Featured Videos

Your JavaScript is turned off or you have an old version of Adobe's Flash Player. Get the latest Flash player.
Nobel Prize Winner Malala Talks to VOAi
X
August 31, 2015 2:17 AM
Nobel Peace Prize winner Malala Yousafzai met with VOA's Deewa service in Washington Sunday to talk about women’s rights and unveil a trailer for her new documentary. VOA's Katherine Gypson has more.
Video

Video Nobel Prize Winner Malala Talks to VOA

Nobel Peace Prize winner Malala Yousafzai met with VOA's Deewa service in Washington Sunday to talk about women’s rights and unveil a trailer for her new documentary. VOA's Katherine Gypson has more.
Video

Video War, Drought Threaten Iraq's Marshlands

Iraq's southern wetlands are in crisis. These areas are the spawning ground for Gulf fisheries, a resting place for migrating wildfowl, and source of livelihood for fishermen and herders. Faith Lapidus has more.
Video

Video Colombians Flee Venezuela as Border Crisis Escalates

Hundreds of Colombians have fled Venezuela since last week, amid an escalating border crisis between the two countries. Last week, Venezuelan President Nicolas Maduro ordered the closure of a key border crossing after smugglers injured three Venezuelan soldiers and a civilian. The president also ordered the deportation of Colombians who are in Venezuela illegally. Zlatica Hoke reports.
Video

Video Rebuilding New Orleans' Music Scene

Ten years after Hurricane Katrina inundated New Orleans, threatening to wash away its vibrant musical heritage along with its neighborhoods, the beat goes on. As Bronwyn Benito and Faith Lapidus report, a Musicians' Village is preserving the city's unique sound.
Video

Video In Russia, Auto Industry in Tailspin

Industry insiders say country relies too heavily on imports as inflation cuts too many consumers out of the market. Daniel Schearf has more from Moscow.
Video

Video Scientist Calls Use of Fetal Tissue in Medical Research Essential

An anti-abortion group responsible for secret recordings of workers at a women's health care organization claims the workers shown are offering baby parts for sale, a charge the organization strongly denies. While the selling of fetal tissue is against the law in the United States, abortion and the use of donated fetal tissue for medical research are both legal. VOA’s Julie Taboh reports.
Video

Video Next to Iran, Climate at Forefront of Obama Agenda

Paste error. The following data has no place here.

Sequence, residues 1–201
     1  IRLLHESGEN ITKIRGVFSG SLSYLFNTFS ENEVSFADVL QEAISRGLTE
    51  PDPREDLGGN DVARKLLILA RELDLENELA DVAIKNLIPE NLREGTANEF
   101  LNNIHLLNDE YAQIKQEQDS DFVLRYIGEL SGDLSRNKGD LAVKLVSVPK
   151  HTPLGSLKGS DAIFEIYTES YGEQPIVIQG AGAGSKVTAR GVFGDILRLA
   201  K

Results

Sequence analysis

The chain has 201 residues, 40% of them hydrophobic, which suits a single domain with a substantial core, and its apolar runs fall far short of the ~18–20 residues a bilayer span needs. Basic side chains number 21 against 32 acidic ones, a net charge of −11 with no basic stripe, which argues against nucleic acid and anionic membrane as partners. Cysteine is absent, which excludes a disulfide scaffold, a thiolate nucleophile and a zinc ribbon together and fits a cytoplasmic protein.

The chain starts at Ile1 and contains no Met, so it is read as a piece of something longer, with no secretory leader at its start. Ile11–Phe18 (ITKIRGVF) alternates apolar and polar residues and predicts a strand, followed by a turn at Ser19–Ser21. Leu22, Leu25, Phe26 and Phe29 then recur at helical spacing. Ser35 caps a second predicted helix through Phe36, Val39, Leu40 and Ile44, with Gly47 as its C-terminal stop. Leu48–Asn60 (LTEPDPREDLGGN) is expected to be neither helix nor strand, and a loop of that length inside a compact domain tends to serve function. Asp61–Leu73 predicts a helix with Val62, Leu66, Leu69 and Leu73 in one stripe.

President Barack Obama this week announced new initiatives aimed at making it easier for Americans to access renewable energy sources such as solar and wind. Obama is not slowing down when it comes to pushing through climate change measures, an issue he says is the greatest threat to the country’s national security. VOA correspondent Aru Pande has more from the White House.
Video

Video Arctic Draws International Competition for Oil

A new geopolitical “Great Game” is underway in earth’s northernmost region, the Arctic, where Russia has claimed a large area for resource development and President Barack Obama recently approved Shell Oil Company’s test-drilling project in an area under U.S. control. Greg Flakus reports.
Video

Video Philippine Maritime Police: Chinese Fishermen a Threat to Country’s Security

China and the Philippines both claim maritime rights in the South China Sea.  That includes the right to fish in those waters. Jason Strother reports on how the Philippines is catching Chinese nationals it says are illegal poachers. He has the story from Palawan province.
Video

Video China's Spratly Island Building Said to Light Up the Night 'Like A City'

Southeast Asian countries claim China has illegally seized territory in the Spratly islands. It is especially a concern for a Philippine mayor who says Beijing is occupying parts of his municipality. Jason Strother reports from the capital of Palawan province, Puerto Princesa.
Video

Video Ages-old Ice Reveals Secrets of Climate Change

Ice caps don't just exist at the world's poles. There are also tropical ice caps, and the largest sits atop the Peruvian Andes - but it is melting, quickly, and may be gone within the next 20 years. George Putic reports scientists are now rushing to take samples to get at the valuable information about climate change locked in the ice.

VOA Blogs